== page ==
General principle - archived version

The details given in this article are valid for versions of SPIP up to 1.83 and outdated from SPIP 1.9 onwards. For recent version of SPIP, read here (French).

However, reading this article is still a good introduction to SPIP. What is said about .html files is still true. The .php3 files mentioned have disappeared from use and the URLs have changed.

The whole content of a SPIP driven site is stored in a MySQL database. To make this information available to the site visitors, it must be read from the database, organised and inserted in a layout displaying an HTML page in the web browser.

This operation is usually very awkward:
-  it requires a good knowledge of PHP and MySQL programming and the creation of complex routines;
-  the integration of such routines in an advanced HTML layout is quite laborious;
-  performance issues should be taken into account: systematically executing PHP code and querying the database consumes much resources, slows the visits and in extreme cases causes the Web server to hang.

SPIP offers a complete solution to avoid these problems: the layout of the site is achieved through HTML pages called templates, containing simple instructions which indicate where and how to place the information retrieved from the database; a cache system allows to store each page thus avoiding repeated queries to the database at each visit. This not only lightens the burden on the server and improves the speed of the visits but a SPIP driven site could also be always alive even when the MySQL database is down.

A couple of files for each type of documents

The advantage (and restriction) of a content management system (CMS) is that you do not develop an HTML layout for each individual page. For instance, all the articles will use the same page layout as the system places them automatically in this layout (we will see later however, that SPIP allows some flexibility in this matter).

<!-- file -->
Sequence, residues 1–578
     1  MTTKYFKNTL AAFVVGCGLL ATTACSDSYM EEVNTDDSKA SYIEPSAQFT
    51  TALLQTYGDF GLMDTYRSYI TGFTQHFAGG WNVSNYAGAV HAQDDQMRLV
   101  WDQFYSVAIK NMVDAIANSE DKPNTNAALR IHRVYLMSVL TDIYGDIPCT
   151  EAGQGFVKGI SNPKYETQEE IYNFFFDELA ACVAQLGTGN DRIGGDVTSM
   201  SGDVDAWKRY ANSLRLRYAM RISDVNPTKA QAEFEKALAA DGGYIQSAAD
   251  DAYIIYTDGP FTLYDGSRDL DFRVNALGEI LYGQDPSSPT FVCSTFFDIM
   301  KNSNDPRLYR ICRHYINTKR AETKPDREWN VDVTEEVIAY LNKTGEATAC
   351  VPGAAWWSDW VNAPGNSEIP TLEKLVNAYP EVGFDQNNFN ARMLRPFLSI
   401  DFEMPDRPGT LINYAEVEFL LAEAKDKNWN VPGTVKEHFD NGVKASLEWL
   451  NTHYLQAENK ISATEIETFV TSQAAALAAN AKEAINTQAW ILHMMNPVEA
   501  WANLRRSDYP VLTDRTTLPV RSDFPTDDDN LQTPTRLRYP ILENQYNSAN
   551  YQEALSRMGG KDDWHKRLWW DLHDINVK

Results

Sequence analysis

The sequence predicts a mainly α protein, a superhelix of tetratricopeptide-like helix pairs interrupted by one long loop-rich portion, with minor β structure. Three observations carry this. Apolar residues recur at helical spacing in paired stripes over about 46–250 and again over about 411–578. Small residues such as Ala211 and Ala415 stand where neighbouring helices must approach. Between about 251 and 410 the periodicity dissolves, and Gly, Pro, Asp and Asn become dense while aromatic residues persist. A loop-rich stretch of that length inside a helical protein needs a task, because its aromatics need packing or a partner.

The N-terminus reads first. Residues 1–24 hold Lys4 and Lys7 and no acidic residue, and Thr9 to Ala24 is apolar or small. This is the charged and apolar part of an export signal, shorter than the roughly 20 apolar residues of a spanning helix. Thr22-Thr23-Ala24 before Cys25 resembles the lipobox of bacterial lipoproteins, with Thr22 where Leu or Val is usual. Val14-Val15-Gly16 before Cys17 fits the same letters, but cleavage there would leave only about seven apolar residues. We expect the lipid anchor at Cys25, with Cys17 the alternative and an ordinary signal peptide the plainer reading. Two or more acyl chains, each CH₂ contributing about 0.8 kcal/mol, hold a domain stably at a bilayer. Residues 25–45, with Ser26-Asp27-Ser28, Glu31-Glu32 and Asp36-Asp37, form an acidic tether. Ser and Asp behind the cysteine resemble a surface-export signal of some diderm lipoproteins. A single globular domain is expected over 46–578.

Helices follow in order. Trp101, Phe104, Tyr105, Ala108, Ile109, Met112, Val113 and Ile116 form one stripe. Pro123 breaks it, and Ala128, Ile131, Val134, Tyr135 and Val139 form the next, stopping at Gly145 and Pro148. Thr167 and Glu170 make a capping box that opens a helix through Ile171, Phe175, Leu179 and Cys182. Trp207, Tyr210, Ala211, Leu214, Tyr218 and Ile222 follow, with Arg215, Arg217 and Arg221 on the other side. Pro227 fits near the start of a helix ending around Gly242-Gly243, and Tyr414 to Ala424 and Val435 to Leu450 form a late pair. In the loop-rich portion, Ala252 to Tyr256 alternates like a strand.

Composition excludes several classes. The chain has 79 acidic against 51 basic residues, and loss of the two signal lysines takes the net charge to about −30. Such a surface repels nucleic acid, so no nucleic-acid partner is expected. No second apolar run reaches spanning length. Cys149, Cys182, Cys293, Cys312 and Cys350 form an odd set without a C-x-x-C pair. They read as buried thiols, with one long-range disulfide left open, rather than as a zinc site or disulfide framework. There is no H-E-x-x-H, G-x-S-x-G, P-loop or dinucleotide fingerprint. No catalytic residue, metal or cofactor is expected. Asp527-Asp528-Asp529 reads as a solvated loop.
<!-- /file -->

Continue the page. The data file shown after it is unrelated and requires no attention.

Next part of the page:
The advantage of this method is obvious: we define a standard format (template) for all the articles, for instance, and the system will create each individual page by automatically placing the title, the body, the navigation links… for each article.

For each type of document SPIP requires two files: a .php3 file and an .html file. After the installation of the system, you will then, find the couples: "article.php3 / article.html", "rubrique.php3 / rubrique.html", etc. Of course, you can modify these couples or create new ones.

How the cache works

The call for a specific page is made from the .php3 file. For instance, to call article 5, the URL should be:

1.The called file is therefore, article.php3 with the parameter id_article=5.

2. The file article.php3 is a PHP file; its first task is to check the folder /CACHE on the server to find whether there is a file corresponding to this article.

2b. If such a file exists in /CACHE, article.php3 checks its creation date. If this file is quite recent, it returns it to the visitor and the visit process ends.

3. If such a file doesn’t exist in /CACHE (first visit to this article, for instance), or if it is quite old, SPIP starts the processing of this page.

4. Then, the page article.html is loaded and analysed. This page contains the layout suited for this type of document. It consists of HTML tags accompanied by indications on how and where to place the items retrieved from the database. Based on the items required by article.html, SPIP fetches the needed information from the MySQL database and inserts them in the locations assigned.

5. So a file is created by article.php3, from the description contained in article.html, with the items retrieved from the database. This file is then saved in the folder /CACHE and returned to the visitor.